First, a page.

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Grubhub’s New Call System Should be Taken With a Grain of Salt

app on phone

Photo courtesy of The Boston Globe

Grubhub has announced a new call system that will roll out on the 23rd of this month, which will replace its previous customer algorithm with customer representatives. 

Up until last year, the company relied on a computer algorithm to manage phone lines dedicated to direct food orders to its restaurant clients. Unfortunately, the algorithm often resulted in charges of anywhere from $4 to $9 for any calls that lasted more than 45 seconds; the caveat was that restaurant owners would be charged regardless of whether an order was placed. Reports came out that Grubhub had essentially created shadow phone numbers and restaurant websites that would come up on search engines for anyone to mistake for the actual restaurant’s information; it had also been charging customers for calls even when they were just calling to check on an order or complain about one they had already received. Owners slowly caught on, and brought it to the attention of legislators, which resulted in a first systems change in January of last year.  

The second system was a direct response to pending legislative action, but it largely still included the same issues. Its charge scheme was even more unfounded, with no baseline for when or how much to charge a restaurant. Customers were only given 2 options when they called, either press 1 to place an order or press 2 for everything else. Grubhub made a series of claims regarding when it would charge restaurants – stating that charges would only arise if a customer pressed 1 and stayed on the line for more than 45 seconds – and ensured that they would neither charge customers who had recently placed a food order from the establishment nor customers who attempted to place an order from an establishment that was closed. The result, however, was that many of the suspicious practices from the first system were being replicated in the second. As such, the New York City Council passed a law prohibiting third-party food delivery services from charging establishments for telephone orders that do not result in a transaction. 

Fast-forward to last month and the Council passed a legislative package which included an extension of the aforementioned law until February of 2022. In response, Grubhub has unveiled a third phone systems change. This new system will have 3 options for customers: press 1 to place an order, 2 for questions about a previously placed order, and 3 for any other questions. Once 1 is pressed, customers will be routed to a Grubhub customer service representative who will identify they are placing the order on the customer’s behalf and submit everything electronically. 2 will route customers to a Grubhub Care team member and 3 will lead customers directly to the restaurant with no charge.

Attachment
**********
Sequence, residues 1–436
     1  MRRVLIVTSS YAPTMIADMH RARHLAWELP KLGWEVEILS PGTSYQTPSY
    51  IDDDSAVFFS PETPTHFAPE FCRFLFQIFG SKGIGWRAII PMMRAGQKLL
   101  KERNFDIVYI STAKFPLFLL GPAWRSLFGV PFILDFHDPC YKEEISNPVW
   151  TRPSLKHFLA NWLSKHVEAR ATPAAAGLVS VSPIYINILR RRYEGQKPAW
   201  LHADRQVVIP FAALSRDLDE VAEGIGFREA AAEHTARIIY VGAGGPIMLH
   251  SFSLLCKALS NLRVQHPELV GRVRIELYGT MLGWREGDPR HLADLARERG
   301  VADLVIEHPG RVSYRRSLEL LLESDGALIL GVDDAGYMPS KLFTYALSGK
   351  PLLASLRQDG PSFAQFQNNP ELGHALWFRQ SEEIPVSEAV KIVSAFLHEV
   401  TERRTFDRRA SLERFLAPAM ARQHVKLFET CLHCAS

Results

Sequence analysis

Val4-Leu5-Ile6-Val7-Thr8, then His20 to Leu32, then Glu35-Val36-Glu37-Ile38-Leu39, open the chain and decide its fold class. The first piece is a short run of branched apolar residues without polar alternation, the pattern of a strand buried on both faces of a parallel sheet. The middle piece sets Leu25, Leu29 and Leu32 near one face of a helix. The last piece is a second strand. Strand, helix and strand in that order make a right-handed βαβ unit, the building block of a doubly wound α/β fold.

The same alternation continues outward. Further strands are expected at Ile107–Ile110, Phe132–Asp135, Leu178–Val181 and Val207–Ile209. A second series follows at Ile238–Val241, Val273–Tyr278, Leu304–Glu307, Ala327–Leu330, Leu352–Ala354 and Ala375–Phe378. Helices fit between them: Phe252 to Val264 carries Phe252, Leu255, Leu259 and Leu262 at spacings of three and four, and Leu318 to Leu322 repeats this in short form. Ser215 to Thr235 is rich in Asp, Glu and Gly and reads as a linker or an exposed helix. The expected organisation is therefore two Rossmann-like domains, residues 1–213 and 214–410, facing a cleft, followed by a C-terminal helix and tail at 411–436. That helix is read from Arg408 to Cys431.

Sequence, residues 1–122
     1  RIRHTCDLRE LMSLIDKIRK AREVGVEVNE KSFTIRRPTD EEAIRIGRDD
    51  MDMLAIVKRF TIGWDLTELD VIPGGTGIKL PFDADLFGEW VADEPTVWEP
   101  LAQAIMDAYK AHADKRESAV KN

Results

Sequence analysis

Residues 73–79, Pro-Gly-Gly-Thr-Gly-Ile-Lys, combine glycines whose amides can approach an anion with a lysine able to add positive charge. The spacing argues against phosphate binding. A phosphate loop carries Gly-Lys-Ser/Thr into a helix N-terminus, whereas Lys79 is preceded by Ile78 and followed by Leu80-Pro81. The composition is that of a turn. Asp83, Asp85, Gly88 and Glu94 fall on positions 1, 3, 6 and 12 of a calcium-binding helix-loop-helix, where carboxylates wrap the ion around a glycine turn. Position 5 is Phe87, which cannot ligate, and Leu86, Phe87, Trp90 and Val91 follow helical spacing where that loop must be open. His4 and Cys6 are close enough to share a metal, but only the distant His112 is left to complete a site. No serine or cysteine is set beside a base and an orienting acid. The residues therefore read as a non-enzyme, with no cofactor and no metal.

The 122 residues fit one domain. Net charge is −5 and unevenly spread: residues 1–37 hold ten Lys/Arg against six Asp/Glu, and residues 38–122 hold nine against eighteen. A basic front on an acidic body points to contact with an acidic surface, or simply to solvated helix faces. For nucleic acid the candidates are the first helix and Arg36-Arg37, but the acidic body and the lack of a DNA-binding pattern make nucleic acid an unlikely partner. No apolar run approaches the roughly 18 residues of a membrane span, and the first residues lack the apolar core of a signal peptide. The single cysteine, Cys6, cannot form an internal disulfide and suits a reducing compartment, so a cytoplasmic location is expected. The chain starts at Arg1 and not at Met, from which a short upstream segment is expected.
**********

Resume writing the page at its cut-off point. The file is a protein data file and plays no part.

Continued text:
According to Grubhub, the benefits of such a program are multifold. Their representatives will reportedly be trained to make the whole process faster and easier, while also staying transparent with customers about who they are and what they are doing. The new call service will not cost restaurant clients any extra money. Restaurants will still receive phone orders through this system just as they do from any other online order. In the event of a mistake from the representative, the restaurant will be reimbursed. The caveat, however, is that restaurant clients do not have the choice to opt-out of assisted orders – which is the main point of contention. 

Restaurants have been fighting for the option to opt-out of certain aspects of third-party food delivery services for months now, and this is yet another reminder that they stand no chance against multi-billion-dollar corporations. Their real, direct phone numbers will still be left out of Grubhub’s marketplace, further driving a divide between the restaurant and their client, and many will never even reach the restaurant given the vagueness of the 3rd option. Aside from this, restaurant owners are also worried about representative training, given they will be fielding calls for thousands of businesses but, in the event of any problems, the restaurant will likely be blamed; will these representatives really have all of the answers to every question? They also know that Grubhub’s intentions are not truly aimed at “making the ordering experience easier for restaurants and diners,” as a company spokesperson stated, but rather for financial and legal reasons. This service will allow Grubhub to rack in more fees from phone orders, which are vital because they bring with them invaluable customer data. Given Grubhub has been losing market share to its competitors since 2018, they “need the money.” Legally, this service will also help the company avoid legal troubles, following multiple lawsuits that were waged against it for charges that came about in transaction-less situations.  

Overall, the situation is nowhere near perfect. Not being able to opt-out is exactly why restaurants have been struggling to survive during the pandemic, and even before, and will continue to adversely affect them as they try to recover. Grubhub’s new system may sound like a real shift away from its previous services, however reading between the lines unveils a number of issues that potentially will, and can, arise. 

Founded by attorneys Andreas Koutsoudakis and Michael Iakovou, KI Legal focuses on guiding companies and businesses throughout the entire legal spectrum as it relates to their business including day-to-day operations and compliance, litigation and transactional matters.

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